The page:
As a self-proclaimed film critic, you always want to maintain a certain level of sophistication to your reviews. You don’t want to spout clichés
or make the kind of extreme and unimaginative exclamations you hear the average Joe make.  “This movie was awesome!”  “This movie was
boring as hell!”

Unfortunately, in the case of director Ridley Scott’s and screenwriter Brian Helgeland’s reimagining of the classic legend of “Robin Hood,”
that sophistication isn’t required.  This movie is boring as hell.

Many of the problems are rooted in the screenplay, which is needlessly and horrifically convoluted.  There are far too many subplots going
on here, all at the expense of Robin himself.  They range from dull medieval political maneuvering to even duller medieval political
maneuvering.  Anyone expecting a swashbuckling adventure will certainly be more than disappointed.

I actually don’t have a problem with reinventing the story a bit.  Lord knows the standard version has been done to death. But in doing so,
the filmmakers have overcompensated to a degree that strips the story of any of the excitement and magic that has inspired the adventure
genre from the very first days of cinema onward.

Working with writer William Monahan, Scott delivered a phenomenal (and tragically underappreciated) medieval epic in “Kingdom of
Heaven.” “Robin Hood” is similar in its themes and its execution, but inferior on every level.

The film’s greatest success is the cast.  Russell Crowe and Cate Blanchett are excellent as Robin and Marian, and the supporting actors are
very good as well. It’s a shame to see such talent wasted on this dull and dreary screenplay.

Because so much of the story emphasizes politics over adventure or character, we feel absolutely nothing.

Even the action sequences are underwhelming.  Scott has proved to be the master of these large scale set pieces in both “Gladiator” and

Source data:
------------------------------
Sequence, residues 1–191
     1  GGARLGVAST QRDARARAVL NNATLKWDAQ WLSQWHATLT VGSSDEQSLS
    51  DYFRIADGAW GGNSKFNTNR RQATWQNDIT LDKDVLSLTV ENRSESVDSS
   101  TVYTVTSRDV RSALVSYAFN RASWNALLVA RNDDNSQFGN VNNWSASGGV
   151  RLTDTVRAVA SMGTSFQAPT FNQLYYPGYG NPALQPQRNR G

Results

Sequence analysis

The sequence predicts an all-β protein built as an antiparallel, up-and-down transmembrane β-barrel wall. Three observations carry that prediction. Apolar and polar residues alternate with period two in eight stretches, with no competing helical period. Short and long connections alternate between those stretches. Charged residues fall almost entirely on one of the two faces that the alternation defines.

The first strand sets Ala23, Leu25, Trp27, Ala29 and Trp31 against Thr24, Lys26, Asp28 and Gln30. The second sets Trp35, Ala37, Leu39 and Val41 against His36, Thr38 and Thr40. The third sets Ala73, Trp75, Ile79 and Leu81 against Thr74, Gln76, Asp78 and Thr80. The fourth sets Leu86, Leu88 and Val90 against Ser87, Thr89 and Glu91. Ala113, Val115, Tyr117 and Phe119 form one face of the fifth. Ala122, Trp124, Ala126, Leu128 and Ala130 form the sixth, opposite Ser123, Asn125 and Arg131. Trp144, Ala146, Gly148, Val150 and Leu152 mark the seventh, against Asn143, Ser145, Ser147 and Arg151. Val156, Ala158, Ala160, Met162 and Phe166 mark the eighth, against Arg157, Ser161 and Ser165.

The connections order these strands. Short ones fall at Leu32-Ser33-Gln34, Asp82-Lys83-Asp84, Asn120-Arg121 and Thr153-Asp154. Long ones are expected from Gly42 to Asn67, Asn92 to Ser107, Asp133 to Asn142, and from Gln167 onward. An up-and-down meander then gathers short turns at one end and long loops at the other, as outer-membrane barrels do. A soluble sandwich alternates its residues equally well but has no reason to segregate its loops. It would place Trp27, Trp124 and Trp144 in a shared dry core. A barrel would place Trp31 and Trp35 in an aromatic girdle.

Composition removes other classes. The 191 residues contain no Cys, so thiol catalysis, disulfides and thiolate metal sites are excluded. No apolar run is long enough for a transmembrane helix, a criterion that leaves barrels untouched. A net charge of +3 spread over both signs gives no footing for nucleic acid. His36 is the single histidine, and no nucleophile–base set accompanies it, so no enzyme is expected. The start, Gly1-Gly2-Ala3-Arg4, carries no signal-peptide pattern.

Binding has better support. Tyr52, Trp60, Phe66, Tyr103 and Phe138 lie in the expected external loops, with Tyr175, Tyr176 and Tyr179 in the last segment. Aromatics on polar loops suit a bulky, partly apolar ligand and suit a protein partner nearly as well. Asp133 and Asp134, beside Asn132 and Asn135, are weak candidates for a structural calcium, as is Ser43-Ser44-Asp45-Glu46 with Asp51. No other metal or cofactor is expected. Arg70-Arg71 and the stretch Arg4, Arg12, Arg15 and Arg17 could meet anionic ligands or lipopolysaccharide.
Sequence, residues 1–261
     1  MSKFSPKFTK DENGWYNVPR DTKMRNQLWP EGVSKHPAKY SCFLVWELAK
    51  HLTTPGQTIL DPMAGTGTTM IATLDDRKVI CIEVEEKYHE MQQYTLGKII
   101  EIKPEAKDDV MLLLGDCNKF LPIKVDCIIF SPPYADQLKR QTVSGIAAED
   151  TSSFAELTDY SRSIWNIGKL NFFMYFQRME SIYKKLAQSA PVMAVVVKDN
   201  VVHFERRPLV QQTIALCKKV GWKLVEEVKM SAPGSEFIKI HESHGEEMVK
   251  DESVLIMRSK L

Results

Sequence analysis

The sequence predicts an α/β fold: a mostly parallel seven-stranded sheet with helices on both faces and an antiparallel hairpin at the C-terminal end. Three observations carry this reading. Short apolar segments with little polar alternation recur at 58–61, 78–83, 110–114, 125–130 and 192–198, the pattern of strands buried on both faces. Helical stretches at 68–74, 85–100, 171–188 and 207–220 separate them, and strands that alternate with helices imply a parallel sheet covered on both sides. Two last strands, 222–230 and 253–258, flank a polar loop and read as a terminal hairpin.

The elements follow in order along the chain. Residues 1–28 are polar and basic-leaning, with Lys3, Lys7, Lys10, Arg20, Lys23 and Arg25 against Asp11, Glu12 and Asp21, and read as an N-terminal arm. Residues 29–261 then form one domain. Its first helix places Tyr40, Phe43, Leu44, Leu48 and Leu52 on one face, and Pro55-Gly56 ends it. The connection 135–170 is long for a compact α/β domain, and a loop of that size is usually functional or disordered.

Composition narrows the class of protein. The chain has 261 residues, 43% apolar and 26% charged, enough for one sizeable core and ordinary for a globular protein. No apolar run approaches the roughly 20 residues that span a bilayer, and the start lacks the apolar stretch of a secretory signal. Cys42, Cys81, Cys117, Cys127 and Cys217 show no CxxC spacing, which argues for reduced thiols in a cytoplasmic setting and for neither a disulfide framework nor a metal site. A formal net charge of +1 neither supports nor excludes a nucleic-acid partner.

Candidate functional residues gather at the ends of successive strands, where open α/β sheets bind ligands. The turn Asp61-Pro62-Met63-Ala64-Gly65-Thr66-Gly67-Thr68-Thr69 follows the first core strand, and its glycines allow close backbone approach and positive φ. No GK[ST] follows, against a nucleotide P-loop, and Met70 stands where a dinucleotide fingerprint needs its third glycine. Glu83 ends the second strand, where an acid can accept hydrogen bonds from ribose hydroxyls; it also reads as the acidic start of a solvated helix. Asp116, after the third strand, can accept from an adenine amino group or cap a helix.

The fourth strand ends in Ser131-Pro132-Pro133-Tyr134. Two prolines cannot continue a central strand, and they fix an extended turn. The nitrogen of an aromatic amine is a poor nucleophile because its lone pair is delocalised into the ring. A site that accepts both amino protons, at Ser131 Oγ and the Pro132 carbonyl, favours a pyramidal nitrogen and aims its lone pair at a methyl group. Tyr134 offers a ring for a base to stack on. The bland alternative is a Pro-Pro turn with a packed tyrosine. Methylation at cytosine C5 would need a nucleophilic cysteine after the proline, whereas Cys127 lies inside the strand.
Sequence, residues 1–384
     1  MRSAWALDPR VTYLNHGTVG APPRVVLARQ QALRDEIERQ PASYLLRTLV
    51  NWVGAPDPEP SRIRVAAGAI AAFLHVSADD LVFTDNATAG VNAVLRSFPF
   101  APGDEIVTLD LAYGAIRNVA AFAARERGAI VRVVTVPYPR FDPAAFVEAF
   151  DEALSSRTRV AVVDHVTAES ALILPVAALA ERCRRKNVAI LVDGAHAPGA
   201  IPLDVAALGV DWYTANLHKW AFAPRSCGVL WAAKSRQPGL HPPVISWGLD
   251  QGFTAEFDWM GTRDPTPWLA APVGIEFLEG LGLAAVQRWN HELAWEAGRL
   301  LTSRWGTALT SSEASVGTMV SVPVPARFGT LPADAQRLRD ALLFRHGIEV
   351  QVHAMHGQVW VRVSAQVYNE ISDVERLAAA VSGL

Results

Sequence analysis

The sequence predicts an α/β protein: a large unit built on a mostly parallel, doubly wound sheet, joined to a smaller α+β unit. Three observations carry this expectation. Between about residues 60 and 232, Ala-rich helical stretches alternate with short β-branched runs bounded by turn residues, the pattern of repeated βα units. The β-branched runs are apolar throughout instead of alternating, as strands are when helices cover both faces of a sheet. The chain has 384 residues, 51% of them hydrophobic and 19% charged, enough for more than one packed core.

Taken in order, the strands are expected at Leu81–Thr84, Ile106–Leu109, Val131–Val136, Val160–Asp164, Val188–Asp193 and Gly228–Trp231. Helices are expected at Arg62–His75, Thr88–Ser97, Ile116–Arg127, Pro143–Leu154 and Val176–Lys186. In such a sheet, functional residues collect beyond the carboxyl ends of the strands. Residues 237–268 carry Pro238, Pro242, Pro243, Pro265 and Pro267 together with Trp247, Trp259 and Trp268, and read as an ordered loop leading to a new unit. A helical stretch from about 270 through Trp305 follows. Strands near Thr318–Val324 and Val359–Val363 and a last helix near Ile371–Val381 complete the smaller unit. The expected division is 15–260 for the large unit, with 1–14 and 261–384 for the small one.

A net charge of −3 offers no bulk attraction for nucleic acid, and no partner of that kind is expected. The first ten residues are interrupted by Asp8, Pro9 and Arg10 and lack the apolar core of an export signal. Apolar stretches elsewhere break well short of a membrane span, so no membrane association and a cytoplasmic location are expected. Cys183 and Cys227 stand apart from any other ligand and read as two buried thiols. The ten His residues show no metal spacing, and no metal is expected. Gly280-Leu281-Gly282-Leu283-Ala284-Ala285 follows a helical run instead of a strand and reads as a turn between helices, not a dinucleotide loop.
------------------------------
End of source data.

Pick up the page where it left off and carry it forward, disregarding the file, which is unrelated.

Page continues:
the aforementioned “Kingdom of Heaven.”  “Robin Hood” lacks the emotion of the ones in “Gladiator” and the incredible scale and
choreography of those found in “Kingdom of Heaven.”

Judging by his previous movies, Scott seems to be a fairly humorless man. I think there was one joke in “Gladiator” (Remember when the
guy faked choking on his soup?). This works out fine because he generally doesn’t attempt humor (outside of his horrid attempts at making
films set in present day, of course). But here, Helgeland tries to shoehorn in some laughs through Robin’s merry men. These are generally
awkward and, more importantly, not funny.

I guess ‘shoehorn’ is a good way to describe a lot of the film.  Because it is so underwhelming and shares so little with what we think of as
the legend of Robin Hood, it ends up feeling like a generic medieval drama that has had the Robin Hood name slapped on to widen its
appeal.

The ending is particularly forced as it serves as a setup for the actual known legend, and is therefore not an ending at all.

It is worth noting that the film does have the excellent art direction we come to expect from a Ridley Scott production and John Mathieson’s
cinematography is excellent.

The film’s music is also a nice surprise, as relative unknown Marc Streitenfeld delivers a very serviceable score.

If it seemed like most of this review was spent talking about other films, it’s because Ridley Scott’s “Robin Hood” simply doesn’t create an
identity for itself.  Scott is certainly a strange choice for a classic swashbuckling story.  But even completely detached from the legend,
Scott fails on almost every level with this film. Aside from its solid production values and an excellent cast, “Robin Hood” is completely
forgettable and only spares itself a lower score because as dull and uninspired as it is, it never embarrasses itself. And that’s very small
consolation.

* ½
(out of four)
ROBIN HOOD
Directed by: Ridley Scott

Written by: Brian Helgeland

Starring: Russell Crowe, Cate Blanchett, Max Von
Sydow, William Hurt, Mark Strong, Oscar Isaac

Cinematography by: John Mathieson

Music by: Marc Streitenfeld

Released: May 14, 2010; 148 Minutes